That is what a "character" is. Now you "know".
Tu m'étonnes. And the "characters", ahh the "characters"…!!! So many "characters", so many "feelings". As I consider it, nigh all of them are connected. In point of fact, the teacher is as well. Mato, a protean Humbert Humbert of sorts, is our intrepid protagonist. Feebly equipoised, Mato is a veritable "domino theory" of emotions. Everything from :D to >:O is covered consummately, leaving no stone left unturned, n'est-ce pas! In no other piece of fiction has the kaleidoscopic array of humanity been so thoroughly covered, and with such nuance to boot. Astute viewers will be on the edge of their seat as Mato confronts inherently relatable, quotidian issues, such as being dealt the "dirty colored macaroons" by a periphery, recalcitrant acquaintance; clearly a profound yet subtle metaphor for fate and one's lot in life. This essayist is pleased to report that you can expect many more ruminations on life like this promulgated throughout, so please be gently with everyone. Case in point, Black Rock Shooter, Mato's acousmêtre alter ego, is in constant conflict with an elusive, Kafkaesque clout beyond her control; a startling depiction bureaucracy that rivals such notable works as "1994" and "Brave World" in its deft, metaphysical illustrations. Furthermore, White Album 2 uses many emotions to bring out emotions. These emotions then show us the emotions of the characters and hence develop them and give us emotions as well while watching this. Veni, vidi, vici.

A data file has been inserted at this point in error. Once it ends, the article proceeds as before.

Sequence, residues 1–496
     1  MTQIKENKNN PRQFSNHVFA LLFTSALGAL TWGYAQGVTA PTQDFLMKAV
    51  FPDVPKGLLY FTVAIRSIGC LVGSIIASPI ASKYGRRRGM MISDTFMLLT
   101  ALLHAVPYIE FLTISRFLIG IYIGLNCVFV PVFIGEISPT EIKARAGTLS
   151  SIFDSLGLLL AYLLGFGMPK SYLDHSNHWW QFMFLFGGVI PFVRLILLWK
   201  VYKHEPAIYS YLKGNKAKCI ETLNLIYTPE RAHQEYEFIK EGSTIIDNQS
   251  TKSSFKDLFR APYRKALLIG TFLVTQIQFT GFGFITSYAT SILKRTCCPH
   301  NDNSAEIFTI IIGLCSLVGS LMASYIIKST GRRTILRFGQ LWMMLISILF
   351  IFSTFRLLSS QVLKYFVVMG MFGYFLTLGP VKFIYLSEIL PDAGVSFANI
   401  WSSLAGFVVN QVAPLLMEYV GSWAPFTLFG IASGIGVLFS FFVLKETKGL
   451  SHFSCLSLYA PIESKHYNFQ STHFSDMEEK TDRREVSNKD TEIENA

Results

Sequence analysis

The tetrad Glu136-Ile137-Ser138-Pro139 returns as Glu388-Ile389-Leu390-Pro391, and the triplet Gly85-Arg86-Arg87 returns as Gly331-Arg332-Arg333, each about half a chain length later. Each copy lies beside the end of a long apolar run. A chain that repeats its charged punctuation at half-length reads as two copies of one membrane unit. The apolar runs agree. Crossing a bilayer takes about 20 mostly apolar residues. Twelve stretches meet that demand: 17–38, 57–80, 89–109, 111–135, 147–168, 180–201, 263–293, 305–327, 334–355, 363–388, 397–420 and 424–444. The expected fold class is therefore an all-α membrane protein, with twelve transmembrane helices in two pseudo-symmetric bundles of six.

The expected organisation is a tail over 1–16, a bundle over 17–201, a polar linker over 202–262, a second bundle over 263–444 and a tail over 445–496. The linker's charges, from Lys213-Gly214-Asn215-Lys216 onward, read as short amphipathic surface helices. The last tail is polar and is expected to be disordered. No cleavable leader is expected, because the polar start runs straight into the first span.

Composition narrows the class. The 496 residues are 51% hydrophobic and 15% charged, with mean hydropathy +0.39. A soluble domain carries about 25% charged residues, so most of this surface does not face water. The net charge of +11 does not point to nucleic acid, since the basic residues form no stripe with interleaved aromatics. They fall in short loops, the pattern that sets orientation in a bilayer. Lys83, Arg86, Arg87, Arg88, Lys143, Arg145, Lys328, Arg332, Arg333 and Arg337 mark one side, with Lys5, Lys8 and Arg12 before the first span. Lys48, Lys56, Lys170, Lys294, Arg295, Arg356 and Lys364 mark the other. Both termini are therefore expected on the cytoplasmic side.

Black Rock Shooter truly is a psychologically variegated, ephemeral Musique concrète-esque urbane (to coin a neologism) tree-being-chopped-down-when-no-one-is-around-does-anyone-hear-it.!?!. It is a sterling example of anime's edifying artistic potential and stands out sumptuously in the moribund, fetid, meretricious sea of ancillary noxious pabulum that is the anime industry. It is the vanguard avant garde artistic achievement we need. If you'll excuse me for using a downright plebeian parlance of our contemptuous times, it is Absolutely Life Affirming: 10/10